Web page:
Saturday, December 21, 2013
Book Review: Michael Palin's Hemingway Adventure
This book was given to me as part of the #TSBCChallenge. What is that, you ask? Well, I direct you to go & read this: http://tsbookclub.wordpress.com/2013/12/15/the-tsbc-challenge/
The book's blurb reads: "In this wonderful blend of adventure and travel writing, Michael Palin journeys from the forests of North Michigan to the battlefields in Italy and the sites of the Spanish Civil War. He encounters the running of the bulls in Pamplona and the Fallas festival in Valencia, as bar-hopping in Cuba, marlin fishing and daiquiris helps unravel some of the myths surrounding Hemingway's life."
The book is an attempt by the author to recreate the well-known writer Ernest Hemingway's life by travelling to all those places where he stayed and experiencing some specific events there. In Palin's words, "Hemingway's world was close and uncomfortable and itchy and sweaty and frequently exhausting...This stuff was too good to be wasted on school exams. I must be bold and fearless and go out there and do it myself."
Since #TSBC had dared me to read this book, I could not leave it unfinished :) However, I need not have worried. I love travelling and this book is a semi-travelogue. The book is a collaborative effort between Palin and the BBC. Basil Pao has captured the wonderful photographs that are so generously spread out throughout the book.
The author begins his journey in Chicago & Michigan and then travels to Italy, Paris, Spain, Key West, Africa, Cuba and lastly the American West. At each of these places, Palin attempts to give us a sense of what Hemingway would have experienced/gone through. In his inimitable style, he also gives his probable reasoning for the events and Hemingway's reaction on the same.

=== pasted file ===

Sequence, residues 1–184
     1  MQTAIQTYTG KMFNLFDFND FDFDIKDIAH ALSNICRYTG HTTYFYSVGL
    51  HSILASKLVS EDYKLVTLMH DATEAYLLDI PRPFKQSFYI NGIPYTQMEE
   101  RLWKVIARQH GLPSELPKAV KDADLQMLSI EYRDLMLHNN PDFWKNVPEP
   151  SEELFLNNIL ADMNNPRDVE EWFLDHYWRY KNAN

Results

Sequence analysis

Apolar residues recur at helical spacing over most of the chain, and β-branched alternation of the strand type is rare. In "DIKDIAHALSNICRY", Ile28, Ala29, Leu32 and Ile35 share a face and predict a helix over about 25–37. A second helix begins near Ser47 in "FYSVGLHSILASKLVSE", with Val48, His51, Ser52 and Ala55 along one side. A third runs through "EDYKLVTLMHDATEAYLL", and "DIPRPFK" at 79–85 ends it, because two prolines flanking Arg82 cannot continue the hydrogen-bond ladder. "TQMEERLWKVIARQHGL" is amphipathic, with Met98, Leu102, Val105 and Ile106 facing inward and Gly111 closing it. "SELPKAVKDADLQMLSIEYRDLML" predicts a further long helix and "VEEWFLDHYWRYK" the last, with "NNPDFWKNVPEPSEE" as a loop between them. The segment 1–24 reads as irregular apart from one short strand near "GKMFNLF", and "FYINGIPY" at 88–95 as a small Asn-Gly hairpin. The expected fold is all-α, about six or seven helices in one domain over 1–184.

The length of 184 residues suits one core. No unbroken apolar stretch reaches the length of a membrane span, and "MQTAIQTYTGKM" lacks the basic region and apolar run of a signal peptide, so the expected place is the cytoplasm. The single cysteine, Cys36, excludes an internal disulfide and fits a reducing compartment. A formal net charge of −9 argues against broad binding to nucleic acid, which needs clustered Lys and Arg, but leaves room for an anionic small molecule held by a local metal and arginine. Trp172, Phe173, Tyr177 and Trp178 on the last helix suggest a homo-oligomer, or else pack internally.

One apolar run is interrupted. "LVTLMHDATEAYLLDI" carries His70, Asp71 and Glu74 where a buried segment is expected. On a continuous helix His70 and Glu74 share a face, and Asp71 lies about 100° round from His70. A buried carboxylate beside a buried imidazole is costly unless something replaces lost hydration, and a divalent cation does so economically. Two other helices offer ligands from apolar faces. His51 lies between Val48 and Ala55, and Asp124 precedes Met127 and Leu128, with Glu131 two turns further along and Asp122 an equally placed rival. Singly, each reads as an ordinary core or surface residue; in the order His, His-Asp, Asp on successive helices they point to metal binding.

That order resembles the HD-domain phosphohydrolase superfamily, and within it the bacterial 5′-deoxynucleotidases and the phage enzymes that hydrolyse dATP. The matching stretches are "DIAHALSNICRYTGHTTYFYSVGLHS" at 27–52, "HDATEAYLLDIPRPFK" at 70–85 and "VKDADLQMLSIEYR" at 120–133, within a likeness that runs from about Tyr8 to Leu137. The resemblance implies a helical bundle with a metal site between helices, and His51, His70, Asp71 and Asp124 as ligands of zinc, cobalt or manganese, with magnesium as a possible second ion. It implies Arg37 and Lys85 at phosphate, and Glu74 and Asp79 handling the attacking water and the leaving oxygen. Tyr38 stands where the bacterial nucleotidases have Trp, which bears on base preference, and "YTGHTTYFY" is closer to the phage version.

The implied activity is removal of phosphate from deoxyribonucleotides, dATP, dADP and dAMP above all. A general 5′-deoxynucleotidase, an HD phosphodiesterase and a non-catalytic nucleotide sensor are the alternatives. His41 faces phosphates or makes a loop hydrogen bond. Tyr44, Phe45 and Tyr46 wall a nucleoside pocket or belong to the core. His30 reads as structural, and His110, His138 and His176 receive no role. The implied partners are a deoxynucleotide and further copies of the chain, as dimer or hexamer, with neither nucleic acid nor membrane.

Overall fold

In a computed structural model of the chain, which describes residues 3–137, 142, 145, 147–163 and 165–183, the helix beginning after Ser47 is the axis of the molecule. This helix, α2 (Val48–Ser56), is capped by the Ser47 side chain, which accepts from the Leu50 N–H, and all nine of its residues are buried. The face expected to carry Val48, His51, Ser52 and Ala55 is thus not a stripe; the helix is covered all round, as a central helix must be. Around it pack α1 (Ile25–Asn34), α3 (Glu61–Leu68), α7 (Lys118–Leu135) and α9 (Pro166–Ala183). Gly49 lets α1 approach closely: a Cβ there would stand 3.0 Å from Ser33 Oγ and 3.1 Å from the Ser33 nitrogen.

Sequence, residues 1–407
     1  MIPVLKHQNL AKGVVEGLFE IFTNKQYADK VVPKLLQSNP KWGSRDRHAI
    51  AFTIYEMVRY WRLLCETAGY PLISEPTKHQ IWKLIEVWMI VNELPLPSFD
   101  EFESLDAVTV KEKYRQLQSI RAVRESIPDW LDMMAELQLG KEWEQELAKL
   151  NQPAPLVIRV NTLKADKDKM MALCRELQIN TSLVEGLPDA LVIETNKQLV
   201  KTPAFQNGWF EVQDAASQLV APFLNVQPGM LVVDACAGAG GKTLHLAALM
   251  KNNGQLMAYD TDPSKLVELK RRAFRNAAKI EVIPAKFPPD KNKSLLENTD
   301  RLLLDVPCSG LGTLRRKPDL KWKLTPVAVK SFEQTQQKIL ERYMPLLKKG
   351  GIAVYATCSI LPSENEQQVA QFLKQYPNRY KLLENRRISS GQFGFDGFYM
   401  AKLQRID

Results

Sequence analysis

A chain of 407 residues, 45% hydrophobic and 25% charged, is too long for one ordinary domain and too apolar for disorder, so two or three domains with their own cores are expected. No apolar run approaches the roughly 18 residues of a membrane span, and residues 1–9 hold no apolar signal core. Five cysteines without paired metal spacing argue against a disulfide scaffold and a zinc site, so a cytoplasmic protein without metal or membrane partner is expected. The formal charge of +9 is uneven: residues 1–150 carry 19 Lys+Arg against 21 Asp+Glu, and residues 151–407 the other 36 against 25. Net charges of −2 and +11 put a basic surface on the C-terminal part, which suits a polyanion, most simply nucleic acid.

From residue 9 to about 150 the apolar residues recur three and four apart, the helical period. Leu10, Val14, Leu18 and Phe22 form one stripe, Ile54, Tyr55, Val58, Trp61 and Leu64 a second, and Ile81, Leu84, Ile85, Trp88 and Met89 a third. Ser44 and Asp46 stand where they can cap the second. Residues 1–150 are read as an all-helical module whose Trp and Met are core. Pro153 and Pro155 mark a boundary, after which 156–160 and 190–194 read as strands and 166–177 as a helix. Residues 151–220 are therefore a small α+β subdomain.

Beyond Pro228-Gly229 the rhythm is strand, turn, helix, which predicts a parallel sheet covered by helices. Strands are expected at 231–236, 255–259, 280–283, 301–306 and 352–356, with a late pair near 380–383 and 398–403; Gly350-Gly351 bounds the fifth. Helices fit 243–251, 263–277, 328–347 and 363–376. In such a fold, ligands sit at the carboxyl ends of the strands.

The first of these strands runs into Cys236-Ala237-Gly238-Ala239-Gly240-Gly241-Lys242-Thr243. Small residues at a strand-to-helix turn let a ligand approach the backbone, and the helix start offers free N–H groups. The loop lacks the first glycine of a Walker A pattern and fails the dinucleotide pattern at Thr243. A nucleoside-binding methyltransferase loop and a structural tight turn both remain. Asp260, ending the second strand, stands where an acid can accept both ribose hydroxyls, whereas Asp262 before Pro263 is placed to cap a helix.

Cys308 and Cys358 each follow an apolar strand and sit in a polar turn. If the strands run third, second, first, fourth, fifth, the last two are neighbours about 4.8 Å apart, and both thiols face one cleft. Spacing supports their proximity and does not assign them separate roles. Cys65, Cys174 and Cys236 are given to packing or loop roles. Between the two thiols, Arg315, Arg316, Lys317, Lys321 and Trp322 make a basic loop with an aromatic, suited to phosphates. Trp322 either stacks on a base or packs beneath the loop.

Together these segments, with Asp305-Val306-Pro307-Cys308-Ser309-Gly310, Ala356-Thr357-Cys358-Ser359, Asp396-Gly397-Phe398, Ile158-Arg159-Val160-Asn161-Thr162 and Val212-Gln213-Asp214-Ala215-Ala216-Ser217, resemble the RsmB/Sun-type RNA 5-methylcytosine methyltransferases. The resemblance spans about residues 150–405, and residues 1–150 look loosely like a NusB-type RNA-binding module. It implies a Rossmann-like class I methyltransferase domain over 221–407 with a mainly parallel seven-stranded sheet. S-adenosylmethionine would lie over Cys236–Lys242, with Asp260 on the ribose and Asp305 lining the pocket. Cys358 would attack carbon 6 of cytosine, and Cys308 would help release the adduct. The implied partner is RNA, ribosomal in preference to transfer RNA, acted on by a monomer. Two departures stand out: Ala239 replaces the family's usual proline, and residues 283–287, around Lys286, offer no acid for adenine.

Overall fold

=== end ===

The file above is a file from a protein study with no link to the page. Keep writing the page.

The book not only captures the unique sights & sounds of each place but also puts a lot of Hemingway's life into perspective for us. Says Palin, "What terrified him [Hemingway] most was not losing his life but losing his mind; losing the ability to write."
In Spain, he gets a chance to witness the bulls running. According to the author, "There is something intoxicating and dangerous and reckless in the way the Spanish celebrate, which is what must have drawn Hemingway to their way of life." In Africa, Palin feels, "Mortality, of one kind or another, always feels close at hand."
I loved Palin's explanation for why he felt Hemingway travelled so much - "I reflect that what motivated Hemingway to travel, apart from natural curiosity, was a mixture of boredom and boastfulness." Don't we all experience that sometimes? I know I do.
The most interesting part about the book is the way Palin meets and mingles with people who may have interacted with Hemingway or who can shed some more light on the writer. Also, the author keeps mentioning Hemingway's books at specific points in time in the book - it helps us see how or what influenced Hemingway to write about a particular incident or place.
The only negative for me was I felt, at times, Palin forgot he was undertaking the adventure for Hemingway, i.e. his personal interests took precedence. Thankfully, that was only in a few places.
In a nutshell, pick up the book if you like Hemingway. Even if you don't, you can still pick it up and travel the world - from the US to Africa to Europe - all from the comforts of your couch :) And since the book was written in 1999 [15 years back], it's interesting to read about things/perspectives at that point in time.